Since the 1990s, astrophysicists have known that for the past few billion years, the Universe has been experiencing an accelerated rate of expansion. This gave rise to the theory that the Universe is permeated by a mysterious invisible energy known as “dark energy”, which acts against gravity and is pushing the cosmos apart. In time, this energy will become the dominant force in the Universe, causing all stars and galaxies to spread beyond the cosmic horizon.
At this point, all stars and galaxies in the Universe will no longer be visible or accessible from any other. The question remains, what will intelligent civilizations (such as our own) do for resources and energy at this point? This question was addressed in a recent paper by Dr. Abraham Loeb – the Frank B. Baird, Jr., Professor of Science at Harvard University and the Chair of the Harvard Astronomy Department.
The paper, “Securing Fuel for our Frigid Cosmic Future“, recently appeared online. As he indicates in his study, when the Universe is ten times its current age (roughly 138 billion years old), all stars outside the Local Group of galaxies will no be accessible to us since they will be receding away faster than the speed of light. For this reason, he recommends that humanity follow the lesson from Aesop’s fable, “The Ants and the Grasshopper”.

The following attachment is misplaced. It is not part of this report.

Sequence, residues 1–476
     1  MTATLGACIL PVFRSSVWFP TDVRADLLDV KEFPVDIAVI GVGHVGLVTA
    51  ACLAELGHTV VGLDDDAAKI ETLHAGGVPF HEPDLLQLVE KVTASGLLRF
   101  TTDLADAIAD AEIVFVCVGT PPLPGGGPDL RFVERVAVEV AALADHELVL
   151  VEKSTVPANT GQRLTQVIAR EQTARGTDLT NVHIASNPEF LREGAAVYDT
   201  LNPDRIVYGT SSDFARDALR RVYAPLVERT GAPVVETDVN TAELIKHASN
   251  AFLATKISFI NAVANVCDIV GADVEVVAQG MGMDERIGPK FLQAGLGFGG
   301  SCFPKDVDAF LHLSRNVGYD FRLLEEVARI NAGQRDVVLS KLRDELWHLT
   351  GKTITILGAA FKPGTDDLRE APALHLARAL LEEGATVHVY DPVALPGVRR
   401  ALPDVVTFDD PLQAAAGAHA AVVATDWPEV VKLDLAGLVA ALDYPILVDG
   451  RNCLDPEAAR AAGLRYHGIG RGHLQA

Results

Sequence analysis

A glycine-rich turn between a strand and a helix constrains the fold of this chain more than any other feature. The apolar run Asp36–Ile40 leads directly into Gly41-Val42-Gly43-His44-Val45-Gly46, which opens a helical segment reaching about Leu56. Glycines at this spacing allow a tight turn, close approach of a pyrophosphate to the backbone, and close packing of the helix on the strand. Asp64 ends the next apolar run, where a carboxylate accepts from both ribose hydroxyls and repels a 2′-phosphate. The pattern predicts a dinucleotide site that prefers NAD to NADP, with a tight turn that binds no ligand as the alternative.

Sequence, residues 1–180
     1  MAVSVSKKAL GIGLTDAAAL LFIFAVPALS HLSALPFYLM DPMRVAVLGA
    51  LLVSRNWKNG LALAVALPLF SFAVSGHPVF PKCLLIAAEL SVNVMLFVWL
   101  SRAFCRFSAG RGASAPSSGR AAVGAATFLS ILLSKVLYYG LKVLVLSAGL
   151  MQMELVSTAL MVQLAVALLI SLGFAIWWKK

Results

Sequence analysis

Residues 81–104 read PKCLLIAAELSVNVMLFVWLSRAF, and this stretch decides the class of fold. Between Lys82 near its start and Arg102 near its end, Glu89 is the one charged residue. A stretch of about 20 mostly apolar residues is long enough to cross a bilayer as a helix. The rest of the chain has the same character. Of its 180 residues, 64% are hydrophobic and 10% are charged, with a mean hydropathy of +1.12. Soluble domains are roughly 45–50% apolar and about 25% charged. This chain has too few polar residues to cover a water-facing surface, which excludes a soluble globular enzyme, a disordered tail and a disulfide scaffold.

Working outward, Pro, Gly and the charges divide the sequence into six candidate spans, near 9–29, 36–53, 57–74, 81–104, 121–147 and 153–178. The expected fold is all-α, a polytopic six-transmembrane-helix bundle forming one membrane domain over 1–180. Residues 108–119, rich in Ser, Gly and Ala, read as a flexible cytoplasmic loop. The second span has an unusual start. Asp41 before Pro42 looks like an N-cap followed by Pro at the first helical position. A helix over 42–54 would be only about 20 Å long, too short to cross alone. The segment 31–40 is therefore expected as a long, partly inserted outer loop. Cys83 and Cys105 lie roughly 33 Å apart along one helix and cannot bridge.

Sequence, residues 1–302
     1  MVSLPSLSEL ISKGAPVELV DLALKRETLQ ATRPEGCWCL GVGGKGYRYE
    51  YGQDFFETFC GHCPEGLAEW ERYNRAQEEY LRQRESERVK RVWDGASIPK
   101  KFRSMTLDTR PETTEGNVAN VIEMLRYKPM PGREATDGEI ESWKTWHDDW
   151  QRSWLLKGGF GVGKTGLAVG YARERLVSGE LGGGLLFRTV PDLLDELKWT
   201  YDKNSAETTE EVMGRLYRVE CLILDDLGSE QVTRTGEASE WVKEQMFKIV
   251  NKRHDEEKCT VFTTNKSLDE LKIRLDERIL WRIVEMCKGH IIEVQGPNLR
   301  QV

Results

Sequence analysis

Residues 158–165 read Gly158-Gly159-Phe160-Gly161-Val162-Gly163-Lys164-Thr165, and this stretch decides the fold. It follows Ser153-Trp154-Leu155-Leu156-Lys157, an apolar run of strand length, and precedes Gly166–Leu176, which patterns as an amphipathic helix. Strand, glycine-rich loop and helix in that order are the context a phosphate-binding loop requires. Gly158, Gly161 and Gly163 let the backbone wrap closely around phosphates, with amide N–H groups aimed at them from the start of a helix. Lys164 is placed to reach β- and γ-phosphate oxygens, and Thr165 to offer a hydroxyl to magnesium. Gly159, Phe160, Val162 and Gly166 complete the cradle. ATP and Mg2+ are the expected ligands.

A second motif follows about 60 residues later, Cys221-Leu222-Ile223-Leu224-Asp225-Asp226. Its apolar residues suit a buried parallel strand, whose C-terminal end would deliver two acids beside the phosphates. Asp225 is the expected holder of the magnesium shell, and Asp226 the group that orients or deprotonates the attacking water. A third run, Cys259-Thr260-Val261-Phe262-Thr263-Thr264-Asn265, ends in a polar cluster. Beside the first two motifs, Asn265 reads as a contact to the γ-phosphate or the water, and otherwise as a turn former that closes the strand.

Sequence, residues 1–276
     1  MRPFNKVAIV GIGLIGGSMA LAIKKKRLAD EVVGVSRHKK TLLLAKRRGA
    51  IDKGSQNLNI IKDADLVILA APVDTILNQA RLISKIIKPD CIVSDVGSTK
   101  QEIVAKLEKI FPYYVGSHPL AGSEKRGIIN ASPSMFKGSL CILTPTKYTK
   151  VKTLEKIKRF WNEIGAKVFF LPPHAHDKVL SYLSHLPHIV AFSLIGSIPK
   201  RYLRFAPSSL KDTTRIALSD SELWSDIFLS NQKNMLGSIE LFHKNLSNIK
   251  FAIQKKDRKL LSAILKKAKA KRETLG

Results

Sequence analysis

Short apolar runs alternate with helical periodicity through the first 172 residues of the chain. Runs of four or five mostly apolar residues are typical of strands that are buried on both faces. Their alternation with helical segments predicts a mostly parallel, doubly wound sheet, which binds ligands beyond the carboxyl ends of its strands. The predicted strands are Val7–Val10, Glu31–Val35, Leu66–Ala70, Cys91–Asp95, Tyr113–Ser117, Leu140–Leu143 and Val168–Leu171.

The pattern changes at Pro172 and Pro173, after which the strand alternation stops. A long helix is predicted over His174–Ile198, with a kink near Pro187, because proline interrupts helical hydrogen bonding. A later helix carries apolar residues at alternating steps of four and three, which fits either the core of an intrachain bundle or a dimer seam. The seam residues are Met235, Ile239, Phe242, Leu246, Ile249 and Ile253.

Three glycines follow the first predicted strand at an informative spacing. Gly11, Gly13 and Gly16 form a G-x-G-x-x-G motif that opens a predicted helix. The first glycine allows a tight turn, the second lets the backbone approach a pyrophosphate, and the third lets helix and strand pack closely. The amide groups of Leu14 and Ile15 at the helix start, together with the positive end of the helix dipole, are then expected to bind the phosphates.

This classic tale tells the story of ants who spent the summer collecting food for the winter while the grasshopper chose to enjoy himself. While different versions of the story exist that offer different takes on the importance of hard work, charity, and compassion, the lesson is simple: always be prepared. In this respect, Loeb recommends that advanced species migrate to rich clusters of galaxies.
These clusters represent the largest reservoirs of matter bound by gravity and would therefore be better able to resist the accelerated expansion of the Universe. As Dr. Loeb told Universe Today via email:
“In my essay I point out that mother Nature was kind to us as it spontaneously gave birth to the same massive reservoir of fuel that we would have aspired to collect by artificial means. Primordial density perturbations from the early universe led to the gravitational collapse of regions as large as tens of millions of light years, assembling all the matter in them into clusters of galaxies – each containing the equivalent of a thousand Milky Way galaxies.”